More and more countries and cities worldwide are suffering from flooding and typhoons brought about by global warming and climate change. Water is quickly becoming a threat, more frequently driving families away from their homes. But thanks to new innovations, we can fight back or even use rainwater itself to help sustain us! Here are a few of the amazing initiatives and technologies on preventing flood disasters.
Green roofs are extensions of the existing roof that’s covered with vegetation which involves high-quality waterproofing and a drainage and irrigation system. Having a green roof in a building or house helps provide insulation, manage and reduce rainwater runoff, and in the long run, help prevent flooding since it acts like a sponge. In the middle of a concrete jungle of grays and blacks, patches of lively greens from various plants in a green roof can lift anyone’s spirits up!
Permeable sidewalks and gardens
Permeable paving is a method of paving concrete that’s perfect for urban areas for a number of reasons. Grass pavers are popular in landscaping and building, these combine pavement and vegetation installed in interlocking grids or honeycomb shapes. The plants are sustained by the rainwater they absorb; they also serve as a natural filter for dirt that might get in the sewage system.
Dam Easy Flood Barrier Protection System
Posted by Sia Magazin on Sunday, September 30, 2018
Just in time for the Philippine rainy season, All Weather Industries and Scottsdale Corporation has finally brought Dam Easy Flood Barriers to our shores. First launched in Ireland back in 2017, Dam Easy is an “easy to install quality flood protection barrier.” Co-founder Brian Mooney shares how Dam Easy is “the first barrier with unique pneumatic seal requiring no tools or fixings or sealant to install.” Homeowners can just position the device by the door, extend its side panels, and inflate to seal – a procedure anyone can make in under 3 minutes.
For a country that is at the risk of disasters including floods and typhoons, a simple device like this could make a difference. For more information on Dam Easy, log on to www.dameasyph.com or Follow DamEasy PH on Facebook.
Floods that threatened the lives of its citizens were a wakeup call for China when to start building their leading sponge cities. These are cities which implement ecologically friendly alternatives to traditional flood defenses and drainage systems. The city consists of permeable pavements, rain gardens, green roofs, and artificial ponds and wetlands which absorb excessive rainfall through soil infiltration. If only cities in our own country could do the same!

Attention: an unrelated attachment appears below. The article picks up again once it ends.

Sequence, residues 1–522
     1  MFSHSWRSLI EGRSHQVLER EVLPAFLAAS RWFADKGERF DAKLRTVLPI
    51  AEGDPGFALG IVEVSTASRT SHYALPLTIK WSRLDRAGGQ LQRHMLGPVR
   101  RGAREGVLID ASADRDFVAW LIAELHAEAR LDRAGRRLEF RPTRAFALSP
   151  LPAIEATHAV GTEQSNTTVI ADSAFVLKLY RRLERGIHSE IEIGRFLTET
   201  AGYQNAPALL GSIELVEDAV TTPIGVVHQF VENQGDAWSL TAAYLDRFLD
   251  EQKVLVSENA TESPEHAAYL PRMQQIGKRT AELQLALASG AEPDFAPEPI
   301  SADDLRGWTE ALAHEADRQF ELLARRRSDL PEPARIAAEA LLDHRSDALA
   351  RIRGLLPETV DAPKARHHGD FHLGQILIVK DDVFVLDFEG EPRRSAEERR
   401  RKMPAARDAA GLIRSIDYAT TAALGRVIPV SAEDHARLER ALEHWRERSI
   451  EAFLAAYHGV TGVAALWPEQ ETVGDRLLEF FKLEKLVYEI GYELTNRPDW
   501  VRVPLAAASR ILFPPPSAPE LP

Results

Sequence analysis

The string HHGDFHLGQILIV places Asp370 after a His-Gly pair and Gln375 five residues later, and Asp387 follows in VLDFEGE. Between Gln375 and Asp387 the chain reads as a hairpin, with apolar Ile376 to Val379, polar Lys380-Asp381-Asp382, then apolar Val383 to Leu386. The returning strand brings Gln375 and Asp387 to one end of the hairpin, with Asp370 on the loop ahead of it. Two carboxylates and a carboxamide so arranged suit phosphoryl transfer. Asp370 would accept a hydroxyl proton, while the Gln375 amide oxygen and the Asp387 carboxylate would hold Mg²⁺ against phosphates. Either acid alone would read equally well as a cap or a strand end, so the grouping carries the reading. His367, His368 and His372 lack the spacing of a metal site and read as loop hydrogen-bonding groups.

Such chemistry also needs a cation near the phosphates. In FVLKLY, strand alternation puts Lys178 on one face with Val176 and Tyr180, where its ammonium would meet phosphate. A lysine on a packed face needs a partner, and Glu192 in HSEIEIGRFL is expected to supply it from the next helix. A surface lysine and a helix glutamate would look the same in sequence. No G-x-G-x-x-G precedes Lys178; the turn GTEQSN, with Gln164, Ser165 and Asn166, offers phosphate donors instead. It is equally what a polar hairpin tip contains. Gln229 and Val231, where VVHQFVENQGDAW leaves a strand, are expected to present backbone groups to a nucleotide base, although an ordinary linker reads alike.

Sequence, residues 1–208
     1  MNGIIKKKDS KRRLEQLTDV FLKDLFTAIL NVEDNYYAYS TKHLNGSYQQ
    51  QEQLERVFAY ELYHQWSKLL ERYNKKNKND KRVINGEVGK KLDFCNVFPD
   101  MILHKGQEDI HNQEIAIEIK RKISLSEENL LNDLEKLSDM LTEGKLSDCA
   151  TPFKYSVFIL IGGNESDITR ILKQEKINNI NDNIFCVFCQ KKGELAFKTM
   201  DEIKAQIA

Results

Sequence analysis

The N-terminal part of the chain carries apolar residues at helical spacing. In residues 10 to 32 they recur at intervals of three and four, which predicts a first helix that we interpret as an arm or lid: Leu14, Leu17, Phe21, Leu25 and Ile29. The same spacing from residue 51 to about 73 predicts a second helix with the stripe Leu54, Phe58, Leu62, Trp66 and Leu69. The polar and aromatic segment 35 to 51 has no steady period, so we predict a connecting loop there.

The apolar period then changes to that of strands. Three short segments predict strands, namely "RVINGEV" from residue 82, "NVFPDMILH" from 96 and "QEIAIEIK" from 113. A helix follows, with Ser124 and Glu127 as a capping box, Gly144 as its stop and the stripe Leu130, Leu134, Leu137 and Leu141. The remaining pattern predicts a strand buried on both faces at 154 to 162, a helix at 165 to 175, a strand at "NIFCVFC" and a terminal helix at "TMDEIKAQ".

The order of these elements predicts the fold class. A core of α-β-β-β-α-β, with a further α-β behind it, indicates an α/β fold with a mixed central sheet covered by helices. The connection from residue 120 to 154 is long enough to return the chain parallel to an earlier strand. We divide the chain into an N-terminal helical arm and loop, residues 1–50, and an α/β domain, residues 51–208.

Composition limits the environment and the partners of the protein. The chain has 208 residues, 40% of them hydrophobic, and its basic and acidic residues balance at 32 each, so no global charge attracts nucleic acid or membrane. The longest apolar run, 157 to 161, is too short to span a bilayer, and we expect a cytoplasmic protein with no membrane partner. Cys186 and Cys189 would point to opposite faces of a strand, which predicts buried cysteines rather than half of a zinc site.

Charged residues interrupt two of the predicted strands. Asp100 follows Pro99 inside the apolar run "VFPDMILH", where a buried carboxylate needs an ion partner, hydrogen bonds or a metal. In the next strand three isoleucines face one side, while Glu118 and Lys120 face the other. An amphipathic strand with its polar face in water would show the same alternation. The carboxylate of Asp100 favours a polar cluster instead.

Water-Gate is a device used to act as a flood barrier. It’s self-inflating, portable, reusable, and can be used instead of sandbags or dirt dams. The device uses the weight of the water to hold the water back while at the same time also using the weight of the water to weigh the base down. The system could deal with emergency response situations or be installed around a house.
Flood warning systems
Countries like Bangladesh and India experience floods and flashfloods quite frequently. With these natural calamities threatening the lives of their residents, these countries have developed flood forecasting systems which send out forecasts through SMS flood warnings. India’s Flash Flood Guidance system predicts the possibility of floods up to 6 hours in advance. This alerts disaster relief forces and residents most likely to be affected.
Flood absorbing concrete
Topmix permeable concrete can absorb up to 4 liters of water per minute, as seen by the impressive video above. This concrete allows stormwater to permeate through its microstructure directing it off streets, parking surfaces, driveways, and walkways. Topmix helps the long-term maintenance for local authorities and developers or stormwater management.
Quick Dam Flood Barrier
This self-activating flood barrier is available in 5ft, 10ft, and 17ft lengths. Instead of your usual sandbag, Quick Dam contains superabsorbent power that swells when wet and once swelled, acts as a barrier that could absorb 4 to 23.5 gallons of water depending on its length. It’s a simple device that homeowners (mostly in North America) use to keep their properties dry.
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